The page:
It is of course possible to buy paint brushes and rollers that are cheap enough to be thrown away after a single use, but we believe that professional decorators prefer to use top-quality equipment that guarantees a first-class finish to the paint job. When you have invested in professional brushes and rollers, it is worth taking a little trouble to prepare and care for them properly. Follow our top professionals' secrets to ensure a beautiful finish to every paint job.
How to Break in a New Paintbrush
Brush the bristles back and forth against your hand to loosen them. Slap the brush on a hard surface and then spin it around by the handle to ensure that any loose bristles are freed. Dip the brush into your paint and then paint an X shape on some sheets of newspaper, going over it until all the paint on the brush is used. Examine the brush and cut off any misshaped bristles. The best quality natural bristle brushes may then be conditioned by soaking in linseed oil for a few hours. Remove excess oil with kitchen paper before use.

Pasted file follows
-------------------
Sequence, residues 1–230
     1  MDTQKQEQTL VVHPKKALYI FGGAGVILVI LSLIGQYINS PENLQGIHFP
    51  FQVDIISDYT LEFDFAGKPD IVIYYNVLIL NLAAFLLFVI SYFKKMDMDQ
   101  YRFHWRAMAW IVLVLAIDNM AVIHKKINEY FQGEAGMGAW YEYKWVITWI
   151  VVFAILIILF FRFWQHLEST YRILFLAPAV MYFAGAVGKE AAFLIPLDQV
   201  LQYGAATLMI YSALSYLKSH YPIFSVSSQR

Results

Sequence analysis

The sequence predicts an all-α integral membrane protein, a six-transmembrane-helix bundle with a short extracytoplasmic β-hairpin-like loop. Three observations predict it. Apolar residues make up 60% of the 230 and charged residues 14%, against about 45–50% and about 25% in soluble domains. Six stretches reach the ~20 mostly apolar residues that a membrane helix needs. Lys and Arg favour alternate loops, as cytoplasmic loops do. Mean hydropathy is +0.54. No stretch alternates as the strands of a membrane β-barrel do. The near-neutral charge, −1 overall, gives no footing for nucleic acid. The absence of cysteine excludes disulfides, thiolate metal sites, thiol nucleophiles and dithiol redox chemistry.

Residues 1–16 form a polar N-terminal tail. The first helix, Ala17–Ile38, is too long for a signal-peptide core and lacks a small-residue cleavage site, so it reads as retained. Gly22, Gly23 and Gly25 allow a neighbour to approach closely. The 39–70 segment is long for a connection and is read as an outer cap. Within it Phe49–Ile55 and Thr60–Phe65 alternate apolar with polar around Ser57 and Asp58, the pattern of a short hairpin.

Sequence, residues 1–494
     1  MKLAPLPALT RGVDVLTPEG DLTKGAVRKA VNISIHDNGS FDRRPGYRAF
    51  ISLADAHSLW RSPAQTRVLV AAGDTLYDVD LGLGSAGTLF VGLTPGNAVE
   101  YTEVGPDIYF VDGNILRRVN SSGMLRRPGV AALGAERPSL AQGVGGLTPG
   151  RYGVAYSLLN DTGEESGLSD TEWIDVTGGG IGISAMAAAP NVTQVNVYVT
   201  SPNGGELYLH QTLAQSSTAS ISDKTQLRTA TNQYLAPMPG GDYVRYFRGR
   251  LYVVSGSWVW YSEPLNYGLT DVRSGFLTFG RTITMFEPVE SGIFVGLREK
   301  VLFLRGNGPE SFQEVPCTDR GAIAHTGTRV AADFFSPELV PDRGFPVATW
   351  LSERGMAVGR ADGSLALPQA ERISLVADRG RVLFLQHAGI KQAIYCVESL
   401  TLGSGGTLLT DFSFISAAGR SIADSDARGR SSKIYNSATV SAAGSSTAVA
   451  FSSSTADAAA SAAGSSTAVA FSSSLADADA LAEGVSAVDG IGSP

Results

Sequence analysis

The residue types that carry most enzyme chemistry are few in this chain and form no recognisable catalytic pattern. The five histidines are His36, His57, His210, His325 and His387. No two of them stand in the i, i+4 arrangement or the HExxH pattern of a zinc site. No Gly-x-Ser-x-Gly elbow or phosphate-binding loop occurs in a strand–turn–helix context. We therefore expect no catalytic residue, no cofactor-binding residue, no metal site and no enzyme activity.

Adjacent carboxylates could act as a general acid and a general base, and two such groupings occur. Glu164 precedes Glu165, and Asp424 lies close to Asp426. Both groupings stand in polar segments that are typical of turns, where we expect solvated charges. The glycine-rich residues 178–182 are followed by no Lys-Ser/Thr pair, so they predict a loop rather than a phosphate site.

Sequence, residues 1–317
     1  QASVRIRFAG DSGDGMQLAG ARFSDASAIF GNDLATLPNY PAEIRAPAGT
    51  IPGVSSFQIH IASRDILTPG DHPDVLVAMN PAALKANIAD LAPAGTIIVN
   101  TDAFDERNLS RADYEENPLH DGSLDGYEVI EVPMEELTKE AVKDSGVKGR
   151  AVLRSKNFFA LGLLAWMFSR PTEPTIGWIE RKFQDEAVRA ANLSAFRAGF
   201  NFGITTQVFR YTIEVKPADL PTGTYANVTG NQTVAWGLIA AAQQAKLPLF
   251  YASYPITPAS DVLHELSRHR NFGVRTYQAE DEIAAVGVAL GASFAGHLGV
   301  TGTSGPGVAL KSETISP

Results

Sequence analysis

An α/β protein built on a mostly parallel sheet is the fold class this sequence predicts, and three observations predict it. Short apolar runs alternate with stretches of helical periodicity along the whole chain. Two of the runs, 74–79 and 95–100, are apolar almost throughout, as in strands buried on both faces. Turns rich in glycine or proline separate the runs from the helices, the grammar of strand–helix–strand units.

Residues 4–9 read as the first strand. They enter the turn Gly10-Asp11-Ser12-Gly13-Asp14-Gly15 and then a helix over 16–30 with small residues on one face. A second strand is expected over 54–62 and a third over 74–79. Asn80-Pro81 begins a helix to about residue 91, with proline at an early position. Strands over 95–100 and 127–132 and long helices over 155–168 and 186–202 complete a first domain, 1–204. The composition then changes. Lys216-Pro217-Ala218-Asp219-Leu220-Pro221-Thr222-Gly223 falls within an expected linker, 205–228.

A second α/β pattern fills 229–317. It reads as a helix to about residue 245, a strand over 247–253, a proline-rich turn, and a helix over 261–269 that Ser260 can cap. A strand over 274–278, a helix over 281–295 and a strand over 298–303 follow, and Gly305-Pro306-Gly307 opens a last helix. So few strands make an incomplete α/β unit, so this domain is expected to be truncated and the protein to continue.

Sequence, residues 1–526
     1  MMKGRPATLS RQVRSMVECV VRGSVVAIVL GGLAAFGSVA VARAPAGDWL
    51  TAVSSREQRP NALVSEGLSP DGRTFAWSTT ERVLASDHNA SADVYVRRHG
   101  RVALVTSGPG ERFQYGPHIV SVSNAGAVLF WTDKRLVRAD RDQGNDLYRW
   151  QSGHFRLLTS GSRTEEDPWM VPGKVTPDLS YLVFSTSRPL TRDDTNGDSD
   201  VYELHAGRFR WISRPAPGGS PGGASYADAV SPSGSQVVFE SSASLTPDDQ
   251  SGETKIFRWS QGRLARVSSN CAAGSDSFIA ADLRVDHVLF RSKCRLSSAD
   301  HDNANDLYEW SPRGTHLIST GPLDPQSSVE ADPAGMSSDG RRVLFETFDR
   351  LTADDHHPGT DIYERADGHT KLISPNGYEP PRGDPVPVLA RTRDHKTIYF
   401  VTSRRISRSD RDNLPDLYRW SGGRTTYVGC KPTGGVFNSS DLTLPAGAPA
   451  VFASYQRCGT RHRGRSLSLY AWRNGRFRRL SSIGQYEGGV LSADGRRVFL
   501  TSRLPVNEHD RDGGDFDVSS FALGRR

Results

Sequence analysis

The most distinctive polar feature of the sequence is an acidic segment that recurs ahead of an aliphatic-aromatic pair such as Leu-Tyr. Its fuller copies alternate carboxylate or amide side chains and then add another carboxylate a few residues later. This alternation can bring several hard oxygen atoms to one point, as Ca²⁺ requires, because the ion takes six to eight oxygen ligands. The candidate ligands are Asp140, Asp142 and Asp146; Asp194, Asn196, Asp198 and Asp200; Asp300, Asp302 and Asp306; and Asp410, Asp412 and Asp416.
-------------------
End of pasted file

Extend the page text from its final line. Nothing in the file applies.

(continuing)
How to Store Paintbrushes
If you are taking a short break from painting, leave your brush with its bristles in the paint. Ideally, use a special paint bucket with magnetic sides to which you can clamp the metal part of the brush, so that one-third of the depth of the bristles is immersed in paint. Alternatively, wrap the bristles in Clingfilm. To store brushes overnight, suspend them in a jar half-filled with solvent using a binder clip or masking tape. When the job is finished, clean thoroughly and store carefully following the instructions below.
How to Prepare a New Roller Cover
The best roller covers or sleeves are made from a wool and synthetic mix. Ragged edges may leave bumps and streaks in the paint finish, so trim carefully with small scissors. Remove any fuzz and loose hairs with a self-adhesive lint remover. When painting, use a 5-litre bucket with a bucket screen hung over the edge. It holds more paint than a roller tray, is safer and easier to carry around, and can simply be covered up with a damp cloth when you take a break from painting.
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